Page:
As you walk through the cemetery, you may have come across a grave “stone” that is bluish-grey in color. These stones are called white bronze monuments, but they are actually made out of zinc.
The Monumental Bronze Company from Bridgeport, Connecticut manufactured most (if not all) of these monuments. Beginning in the 1880s, the company expanded and had locations in Detroit, Chicago, Ontario, Des Moines, and Philadelphia. However, most, if not all of the monuments, were manufactured in Bridgeport, Connecticut. The company expanded rapidly after the Civil War (in circa 1874) and closed down during the Great Depression (circa 1829). Sales of white bronze monuments peaked in circa 1888. The plant that produced these monuments was taken over during World War I so for the manufacturing of gun mounts and ammunition. Additionally, fashions changed during the war, and demand for white bronze monuments declined, leading to the downfall of the Monumental Bronze Company. Even though the Monumental Bronze Company formally closed down, the company still continued to cast tablets and plaques that allowed family members’ names to be added to the monuments after their deaths.
These monuments are made of 99% pure zinc, and they develop zinc carbonate when the monuments are exposed to air. This creates the bluish-grey color and serves as a protective coating. These monuments are hollow and they have been sandblasted. The monuments were cast from a wax model along with busts and bas reliefs from portraits and photographs. A plaster cast was then made from the wax model. The plaster cast was used to make a plaster duplicate of the wax model. The second plaster cast was utilized to make the sand castings that became the monument. This plaster cast was cut into pieces, and the monument was cast in pieces, which gave the monument sharp details. The pieces were fused together by clamping the pieces together and pouring zinc into the joints. Heat melted the surface of the cast pieces, fusing them together and making them inseparable. Later white bronze monuments were sand blasted to make the surface resemble stone and to lighten the color. The bottom section of a white bronze monument has four inner tabs with holes in them so that pegs could be put in the holes to attach the monument to a cement or granite foundation. Customers likely made their own foundations.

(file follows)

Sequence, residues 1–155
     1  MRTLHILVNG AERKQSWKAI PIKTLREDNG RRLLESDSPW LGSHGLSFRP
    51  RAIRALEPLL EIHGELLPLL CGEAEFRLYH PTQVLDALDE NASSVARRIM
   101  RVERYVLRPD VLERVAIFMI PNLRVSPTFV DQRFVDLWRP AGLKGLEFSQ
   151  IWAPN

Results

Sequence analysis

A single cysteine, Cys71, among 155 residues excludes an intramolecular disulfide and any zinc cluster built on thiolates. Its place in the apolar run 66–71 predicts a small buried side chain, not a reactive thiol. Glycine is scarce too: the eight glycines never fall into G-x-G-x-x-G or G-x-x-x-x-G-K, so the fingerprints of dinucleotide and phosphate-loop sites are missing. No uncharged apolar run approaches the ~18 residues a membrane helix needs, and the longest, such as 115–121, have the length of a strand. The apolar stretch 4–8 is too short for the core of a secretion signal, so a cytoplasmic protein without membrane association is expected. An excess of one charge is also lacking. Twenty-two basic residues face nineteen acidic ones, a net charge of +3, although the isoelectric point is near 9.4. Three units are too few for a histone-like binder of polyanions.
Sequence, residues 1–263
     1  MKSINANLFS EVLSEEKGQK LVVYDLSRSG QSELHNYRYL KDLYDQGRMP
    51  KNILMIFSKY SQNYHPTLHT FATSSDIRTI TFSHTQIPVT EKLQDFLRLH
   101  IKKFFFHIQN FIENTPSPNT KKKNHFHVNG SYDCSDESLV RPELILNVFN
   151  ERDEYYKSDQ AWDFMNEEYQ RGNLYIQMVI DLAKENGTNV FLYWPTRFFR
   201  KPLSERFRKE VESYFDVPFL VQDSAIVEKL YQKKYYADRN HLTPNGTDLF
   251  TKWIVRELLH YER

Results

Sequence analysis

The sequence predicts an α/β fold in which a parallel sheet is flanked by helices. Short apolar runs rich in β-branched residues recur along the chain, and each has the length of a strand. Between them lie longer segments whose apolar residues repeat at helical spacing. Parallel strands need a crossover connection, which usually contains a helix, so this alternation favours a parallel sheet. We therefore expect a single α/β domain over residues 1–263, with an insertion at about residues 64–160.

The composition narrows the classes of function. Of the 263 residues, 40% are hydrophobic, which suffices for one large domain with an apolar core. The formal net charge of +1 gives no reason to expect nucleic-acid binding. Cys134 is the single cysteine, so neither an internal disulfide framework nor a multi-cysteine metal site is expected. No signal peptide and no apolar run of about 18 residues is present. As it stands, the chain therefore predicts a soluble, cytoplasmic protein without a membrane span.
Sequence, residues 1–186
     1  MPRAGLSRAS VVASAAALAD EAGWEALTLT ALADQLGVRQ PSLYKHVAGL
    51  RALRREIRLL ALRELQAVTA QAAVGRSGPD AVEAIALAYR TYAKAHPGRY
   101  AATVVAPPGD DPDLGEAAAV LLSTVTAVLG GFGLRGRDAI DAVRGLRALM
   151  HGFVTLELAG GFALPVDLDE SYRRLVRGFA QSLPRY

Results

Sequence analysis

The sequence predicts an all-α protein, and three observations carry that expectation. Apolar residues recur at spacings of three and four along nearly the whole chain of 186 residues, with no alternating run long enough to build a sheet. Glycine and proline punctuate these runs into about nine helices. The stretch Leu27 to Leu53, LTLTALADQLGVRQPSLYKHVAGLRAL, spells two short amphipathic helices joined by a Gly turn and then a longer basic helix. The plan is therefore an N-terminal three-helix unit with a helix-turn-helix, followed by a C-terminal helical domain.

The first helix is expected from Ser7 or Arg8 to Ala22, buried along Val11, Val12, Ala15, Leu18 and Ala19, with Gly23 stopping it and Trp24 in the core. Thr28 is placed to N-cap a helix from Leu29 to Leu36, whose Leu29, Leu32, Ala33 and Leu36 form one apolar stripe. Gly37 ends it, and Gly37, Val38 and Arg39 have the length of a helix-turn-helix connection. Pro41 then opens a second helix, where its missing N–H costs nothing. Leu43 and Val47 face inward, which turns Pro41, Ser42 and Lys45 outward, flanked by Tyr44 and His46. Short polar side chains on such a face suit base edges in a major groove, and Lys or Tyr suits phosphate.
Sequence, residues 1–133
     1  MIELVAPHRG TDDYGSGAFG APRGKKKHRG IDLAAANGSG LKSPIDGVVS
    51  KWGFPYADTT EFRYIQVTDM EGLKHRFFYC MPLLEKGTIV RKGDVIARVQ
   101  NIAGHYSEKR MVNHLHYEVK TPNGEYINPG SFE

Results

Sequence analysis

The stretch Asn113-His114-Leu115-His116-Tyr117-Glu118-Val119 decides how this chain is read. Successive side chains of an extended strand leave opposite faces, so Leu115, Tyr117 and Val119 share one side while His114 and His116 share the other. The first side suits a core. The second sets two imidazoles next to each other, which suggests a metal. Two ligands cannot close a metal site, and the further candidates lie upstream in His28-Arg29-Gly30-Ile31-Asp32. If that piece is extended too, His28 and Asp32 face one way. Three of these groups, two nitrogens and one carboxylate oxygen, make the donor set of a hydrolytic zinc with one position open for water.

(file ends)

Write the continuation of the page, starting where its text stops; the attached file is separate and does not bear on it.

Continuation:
Although many of these monuments are around a hundred years old, most are in much better shape than granite and marble stones. This is partially due to the durability of zinc. The biggest threat to white bronze monuments is creeping. This occurs when the weight of the zinc at the top of the monument puts pressure on the lower section, causing the monument to slowly move over time. This can cause a crooked base line on a monument or cause tiny cracks. The best way to address this solution is to install an inner armature to help the base of the monument support the weight of the top of the monument. Additionally, sometimes the weak or brittle parts of the zinc break or separate from the seam. This can be fixed by soldering the pieces together or using an epoxy or resin.
White bronze monuments were made to order. The prices ranged from $2 to $5,000, depending on the design of the monument. Many cemeteries only have one or two white bronze monuments. Congressional Cemetery has at least four. The reason why there are so few white bronze monuments in cemeteries is because the monuments were sold by agents through catalogues or by having clients look at existing white bronze monuments. Agents did not solely sell white bronze monuments. If there are around a dozen white bronze monuments in a cemetery, it is likely that there was a local agent who sold white bronze monuments, which was most likely the case at Congressional Cemetery.
This post was written by Kymberly Mattern, Grounds Conservation Manager.
This information came from:
Rutundo, Barbara. “Monumental Bronze: A Representative American Company.” In Cemeteries and Grave Markers: Voices of American Culture. Umi Research Press, 1989.